I was released last week for a day from my present case to attend a pre-trial hearing: PTH, PTR, PCMH, or PTPH – I have no idea which. Sadly, we abolished the use of Latin in the courts only to use this ridiculous and ever-changing terminology which even half the profession does not understand and certainly no-one outside it.
I was in front of His Honour Judge Frinton. He often uses Latin. My opponent was the original Machiavellian trimmer Roderick Twist from my own chambers who kept telling the judge that the prosecution’s aim was to be as transparent as possible. My dictionary defines ‘transparent’ as meaning, inter alia, ‘able to be seen through’. This seemed to be the judge’s view of the prosecution’s use of the word. ‘You keep saying that, Mr Twist. All I can say is that if that is the aim, it is not matched by the achievement. Perhaps if you started by serving the relevant evidence it might help.’
He then went off on a general denunciation of ‘transparency’ describing it as an inappropriate desire to burden another with information better kept to oneself, prurient nosiness, and the best indication of the user’s true and very untransparent motives. He widened this into a generalised attack on people who say the opposite of what they mean: ‘Committed! Committed!’ he said in a fulminating tone. ‘When organisations say they are ‘committed’ to doing something, you know for sure that it is the one thing they are absolutely and entirely failing to achieve and which they will continue to avoid delivering for the foreseeable future.’
I left court with a happy client who was buoyed up by the judge’s excoriating attack on the prosecution and his denunciation of bureaucratic double-speak. I thought it kinder not to tell him that by the trial all of this would have been forgotten and the judge’s allegiances would be very different. Who knows how much happiness we will have in life and why destroy it prematurely?
Returning to chambers in the late afternoon, I toyed with bunking off the general management committee (GMC) and returning home to watch a couple of episodes of Judge Judy on the box. She lifts my spirits in the way Judge Frinton lifted my client’s. However, duty calls and it turned out just as well that I made the decision I did.
We have been having a spot of bother with one of our senior juniors who is suspected of wishing to move to pastures new. He has quite a following in chambers and there is a fear that it may have the effect of a wagon train in the Wild West, taking fellow believers on a perilous journey to a new Jerusalem. He chairs our public relations sub-committee so was present at the GMC. The sub-committee reports were read out, desultory suggestions were made, sandwiches were consumed and a few glasses of austerity wine went down the little red roads and we arrived at ‘Any Other Business’. I do not approve of AOB. It seems to me to be sheer encouragement of ill-formed and untested sentiments, but we always ask whether there is AOB and we did so at this meeting.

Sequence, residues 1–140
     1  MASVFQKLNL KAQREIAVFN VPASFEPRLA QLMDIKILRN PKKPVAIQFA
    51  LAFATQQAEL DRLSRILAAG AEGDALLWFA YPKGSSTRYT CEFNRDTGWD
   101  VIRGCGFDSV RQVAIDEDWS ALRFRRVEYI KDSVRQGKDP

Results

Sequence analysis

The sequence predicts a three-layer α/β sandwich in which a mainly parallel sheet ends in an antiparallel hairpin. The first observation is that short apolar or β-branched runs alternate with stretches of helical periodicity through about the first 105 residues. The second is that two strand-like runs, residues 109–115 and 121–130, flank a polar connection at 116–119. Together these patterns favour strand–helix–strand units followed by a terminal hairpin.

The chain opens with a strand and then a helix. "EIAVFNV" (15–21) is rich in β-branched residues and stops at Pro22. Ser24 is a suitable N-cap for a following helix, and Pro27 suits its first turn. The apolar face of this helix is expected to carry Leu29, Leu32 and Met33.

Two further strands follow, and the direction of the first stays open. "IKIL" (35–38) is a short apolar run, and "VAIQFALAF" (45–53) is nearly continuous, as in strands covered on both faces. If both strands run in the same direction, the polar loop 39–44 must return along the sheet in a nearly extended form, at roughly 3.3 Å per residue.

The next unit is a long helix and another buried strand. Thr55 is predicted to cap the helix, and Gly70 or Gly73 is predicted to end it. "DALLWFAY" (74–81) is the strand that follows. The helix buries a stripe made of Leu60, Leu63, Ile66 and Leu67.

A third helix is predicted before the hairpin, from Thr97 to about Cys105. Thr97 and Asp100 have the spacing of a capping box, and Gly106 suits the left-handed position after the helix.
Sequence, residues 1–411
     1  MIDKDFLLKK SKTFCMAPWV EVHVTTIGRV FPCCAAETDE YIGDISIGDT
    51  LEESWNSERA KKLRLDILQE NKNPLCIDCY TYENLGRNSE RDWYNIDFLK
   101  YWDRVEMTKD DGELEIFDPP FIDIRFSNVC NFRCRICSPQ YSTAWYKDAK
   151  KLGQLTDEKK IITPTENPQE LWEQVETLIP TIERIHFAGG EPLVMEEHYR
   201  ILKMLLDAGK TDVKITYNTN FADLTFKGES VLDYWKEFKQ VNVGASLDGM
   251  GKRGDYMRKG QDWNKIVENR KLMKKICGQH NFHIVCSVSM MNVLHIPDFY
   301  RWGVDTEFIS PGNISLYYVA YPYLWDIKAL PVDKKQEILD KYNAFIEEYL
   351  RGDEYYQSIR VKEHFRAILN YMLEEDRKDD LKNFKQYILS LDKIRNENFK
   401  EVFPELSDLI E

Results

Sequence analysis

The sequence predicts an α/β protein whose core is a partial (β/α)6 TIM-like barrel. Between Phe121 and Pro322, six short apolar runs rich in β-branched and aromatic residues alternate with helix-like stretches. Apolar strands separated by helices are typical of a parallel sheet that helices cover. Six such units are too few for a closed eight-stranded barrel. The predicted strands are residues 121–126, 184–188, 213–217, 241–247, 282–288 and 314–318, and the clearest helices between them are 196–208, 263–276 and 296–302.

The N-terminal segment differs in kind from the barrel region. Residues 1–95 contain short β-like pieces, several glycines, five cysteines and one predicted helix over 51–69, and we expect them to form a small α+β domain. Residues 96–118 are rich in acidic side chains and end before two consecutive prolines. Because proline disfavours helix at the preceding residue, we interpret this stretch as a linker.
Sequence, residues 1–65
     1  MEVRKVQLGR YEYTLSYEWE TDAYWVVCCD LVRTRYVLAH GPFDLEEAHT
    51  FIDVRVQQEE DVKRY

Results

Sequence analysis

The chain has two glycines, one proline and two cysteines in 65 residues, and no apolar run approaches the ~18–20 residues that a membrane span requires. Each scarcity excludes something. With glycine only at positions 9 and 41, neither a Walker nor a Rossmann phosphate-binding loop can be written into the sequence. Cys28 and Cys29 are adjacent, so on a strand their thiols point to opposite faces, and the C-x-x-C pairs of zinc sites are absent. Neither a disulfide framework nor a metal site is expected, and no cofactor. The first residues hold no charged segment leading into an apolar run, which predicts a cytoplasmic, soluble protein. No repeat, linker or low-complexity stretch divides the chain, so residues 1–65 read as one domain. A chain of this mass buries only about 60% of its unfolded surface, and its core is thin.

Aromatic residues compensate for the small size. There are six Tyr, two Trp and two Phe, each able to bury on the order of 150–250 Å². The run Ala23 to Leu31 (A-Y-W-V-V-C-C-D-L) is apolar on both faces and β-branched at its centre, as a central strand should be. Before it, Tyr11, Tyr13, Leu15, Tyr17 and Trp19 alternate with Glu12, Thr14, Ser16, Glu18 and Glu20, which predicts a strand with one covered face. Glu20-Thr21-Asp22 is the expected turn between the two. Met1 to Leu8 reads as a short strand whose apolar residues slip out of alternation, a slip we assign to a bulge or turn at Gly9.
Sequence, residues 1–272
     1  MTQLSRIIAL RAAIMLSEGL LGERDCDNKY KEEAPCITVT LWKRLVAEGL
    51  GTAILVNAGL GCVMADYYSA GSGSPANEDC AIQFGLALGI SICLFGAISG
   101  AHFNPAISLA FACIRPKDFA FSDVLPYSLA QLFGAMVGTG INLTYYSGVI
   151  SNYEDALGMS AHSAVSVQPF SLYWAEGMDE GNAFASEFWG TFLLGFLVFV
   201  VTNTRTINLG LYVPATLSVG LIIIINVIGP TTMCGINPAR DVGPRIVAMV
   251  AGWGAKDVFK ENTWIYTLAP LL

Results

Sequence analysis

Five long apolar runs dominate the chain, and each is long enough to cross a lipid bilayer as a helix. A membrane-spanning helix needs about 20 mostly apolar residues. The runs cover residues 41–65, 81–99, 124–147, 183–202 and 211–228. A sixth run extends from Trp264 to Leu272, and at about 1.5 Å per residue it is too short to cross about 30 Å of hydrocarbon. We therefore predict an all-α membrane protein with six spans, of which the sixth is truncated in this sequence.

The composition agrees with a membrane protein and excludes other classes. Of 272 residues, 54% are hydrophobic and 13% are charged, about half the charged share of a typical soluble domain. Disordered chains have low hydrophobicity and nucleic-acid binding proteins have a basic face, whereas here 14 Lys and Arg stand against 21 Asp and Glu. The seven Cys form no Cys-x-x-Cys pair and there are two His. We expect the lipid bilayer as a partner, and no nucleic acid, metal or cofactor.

Julian Helton, the senior junior in question, announced he had a matter. A meaningful silence ensued. No-one had a pin, but, even on our thick-pile shag, you would have heard it drop. Was this going to be the Gettysburg Address, Geoffrey Howe’s resignation statement or Henry V at Agincourt? The start was not encouraging.
‘In the interests of transparency…’ I started to reach for a Gaviscon. ‘In the interests of transparency, I propose to publish to chambers my tax returns for the last two years. I think we should all reciprocate. Although we are not in partnership, and, indeed, cannot be; we must ask ourselves who is pulling their weight and who is not.’ Before the avalanche of protest started, I bought some time by suggesting this interesting suggestion was worthy of serious consideration.
As we shuffled out in little groups to consider eating further unnecessary meals or becoming even squiffier in nearby hostelries, I turned to Paddy Corkhill and said: ‘This is transparency gone mad.’ ‘No, no,’ said Paddy. ‘This is the muddiest of murkiness. He wants to know who it is worth taking with him.’ I turned back to feel Roderick Twist slithering past me. ‘Must dash!’ he said. ‘Interesting times!’ Paddy put his hand on my shoulder: ‘There’s another one who is committed to transparency.’ ●
William Byfield is the pseudonym of a senior member of the Bar. Gutteridge Chambers, and the events that happen there, are entirely fictitious.